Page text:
Female TV Directors Still Missing From Primetime

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'iCarly,' 'Falling Skies,' 'Always Sunny' among worst offenders, according to DGA

Caucasian males remain the dominant group among TV directors, helming 72% of all primetime episodes in the 2012-13 season, according to a new report from the Directors Guild of America.

That number represented a slight shift in the DGA stats, which had shown Caucasian males directed 73% of the segments in the 2011-12 season.

The DGA’s report, released Wednesday, analyzed more than 3,300 episodes produced in the 2012-2013 network season and the 2012 cable television season from more than 200 scripted series.

The percentage of episodes directed by Caucasian females increased from 11% to 12%. Episodes helmed by minority males increased from 13% to 14% but segments directed by minority females decreased from 4% to 2%.

The DGA also listed 13 shows that had no women or female directors last season — “After Lately” (CP Entertainment Services/E!); “The Exes (King Street Productions/TV Land); “Falling Skies” (Turner North Center Productions/TNT); “Hemlock Grove” (Ouroboros Productions/Netflix); “Hot in Cleveland (King Street Productions/TV Land ); “iCarly” (Uptown Productions/Nickelodeon); “It’s Always Sunny in Philadelphia” (Sunny Television Productions/FX); “Maron” (TVM Productions/IFC); “Sullivan & Son” (Horizon Scripted Television/ TBS); “Supernatural” (NS Pictures/CW); “Underemployed” (On Site Productions/MTV); “Workaholics (50/50 Productions/Comedy Central); and “Zach Stone is Gonna Be Famous” (On Site Productions/MTV).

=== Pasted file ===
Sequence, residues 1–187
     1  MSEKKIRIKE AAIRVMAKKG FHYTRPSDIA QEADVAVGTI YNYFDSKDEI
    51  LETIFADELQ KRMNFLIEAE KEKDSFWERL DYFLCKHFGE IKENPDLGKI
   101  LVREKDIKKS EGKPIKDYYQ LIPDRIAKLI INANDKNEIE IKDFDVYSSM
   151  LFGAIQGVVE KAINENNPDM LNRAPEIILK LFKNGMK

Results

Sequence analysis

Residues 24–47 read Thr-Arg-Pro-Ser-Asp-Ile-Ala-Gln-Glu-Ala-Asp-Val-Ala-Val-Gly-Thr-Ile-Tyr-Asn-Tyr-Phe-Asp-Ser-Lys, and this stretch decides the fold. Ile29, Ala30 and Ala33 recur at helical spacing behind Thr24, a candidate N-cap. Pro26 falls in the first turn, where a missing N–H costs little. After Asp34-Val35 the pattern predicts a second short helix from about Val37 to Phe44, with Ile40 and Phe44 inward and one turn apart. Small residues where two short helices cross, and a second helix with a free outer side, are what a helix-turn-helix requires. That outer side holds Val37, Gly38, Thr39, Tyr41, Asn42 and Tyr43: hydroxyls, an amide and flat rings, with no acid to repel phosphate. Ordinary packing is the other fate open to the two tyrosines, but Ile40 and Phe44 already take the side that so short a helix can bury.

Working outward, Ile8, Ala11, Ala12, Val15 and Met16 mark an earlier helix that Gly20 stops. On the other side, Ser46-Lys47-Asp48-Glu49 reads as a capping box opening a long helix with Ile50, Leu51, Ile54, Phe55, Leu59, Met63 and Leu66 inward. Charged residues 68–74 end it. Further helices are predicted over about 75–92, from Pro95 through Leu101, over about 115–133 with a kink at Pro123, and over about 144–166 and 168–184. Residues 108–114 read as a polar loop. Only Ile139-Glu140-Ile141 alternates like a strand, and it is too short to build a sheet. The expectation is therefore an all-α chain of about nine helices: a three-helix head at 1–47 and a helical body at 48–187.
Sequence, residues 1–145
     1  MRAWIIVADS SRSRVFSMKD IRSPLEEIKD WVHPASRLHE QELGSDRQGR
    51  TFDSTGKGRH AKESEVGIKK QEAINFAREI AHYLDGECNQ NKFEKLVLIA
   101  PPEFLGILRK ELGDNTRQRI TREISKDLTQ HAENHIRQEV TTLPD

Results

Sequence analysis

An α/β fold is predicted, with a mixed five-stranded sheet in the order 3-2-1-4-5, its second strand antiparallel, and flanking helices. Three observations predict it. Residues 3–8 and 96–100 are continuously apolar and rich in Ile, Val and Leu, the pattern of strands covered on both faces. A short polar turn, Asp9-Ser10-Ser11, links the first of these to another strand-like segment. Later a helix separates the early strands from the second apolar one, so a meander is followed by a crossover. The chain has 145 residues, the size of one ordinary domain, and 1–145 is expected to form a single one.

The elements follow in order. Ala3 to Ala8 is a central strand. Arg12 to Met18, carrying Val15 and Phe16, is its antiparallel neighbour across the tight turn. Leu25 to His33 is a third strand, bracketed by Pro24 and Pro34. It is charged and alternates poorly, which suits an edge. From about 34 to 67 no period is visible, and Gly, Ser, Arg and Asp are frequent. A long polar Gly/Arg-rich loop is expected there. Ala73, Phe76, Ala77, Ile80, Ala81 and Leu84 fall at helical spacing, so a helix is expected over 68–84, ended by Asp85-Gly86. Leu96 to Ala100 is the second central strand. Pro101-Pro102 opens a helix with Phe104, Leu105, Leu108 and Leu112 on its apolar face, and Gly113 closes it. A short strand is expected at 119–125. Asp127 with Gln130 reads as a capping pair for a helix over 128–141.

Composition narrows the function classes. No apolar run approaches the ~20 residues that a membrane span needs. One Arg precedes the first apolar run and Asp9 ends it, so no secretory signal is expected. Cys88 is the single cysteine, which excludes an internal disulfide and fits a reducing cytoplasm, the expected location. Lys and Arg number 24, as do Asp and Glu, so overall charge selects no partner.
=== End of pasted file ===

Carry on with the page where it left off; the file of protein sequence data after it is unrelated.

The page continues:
The survey listed 36 shows that had less than 15% of episodes with women and minorities directing as part of the union’s “worst of” list. And 73 shows were listed as “best of” for having more than 30% of segments directed by women and minorities — including shows “The Game” (Breakdown Productions/BET), “The Hustle” (Marlowe Productions/Fuse), “The Real Husbands of Hollywood” (JSR Productions/BET) and “The Rickey Smiley Show” (Smiley Face Productions/TV One), where all episodes were directed by women and minorities.

“I applaud the shows whose diverse hiring practices landed them a spot on our ‘Best Of’ list. Some of them have clearly made a big commitment to diversity, and I think they’ve been well-served by it. I’d even point out that many of the most acclaimed and honored television episodes of the year were directed by a woman or a minority,” said Betty Thomas, co-chair of the DGA’s Diversity Task Force and the DGA’s First VP. “But we can’t ignore the shows on our ‘Worst Of’ lists – how is it possible, in this day and age, that more than a dozen series didn’t hire even a single woman or minority director all season?”

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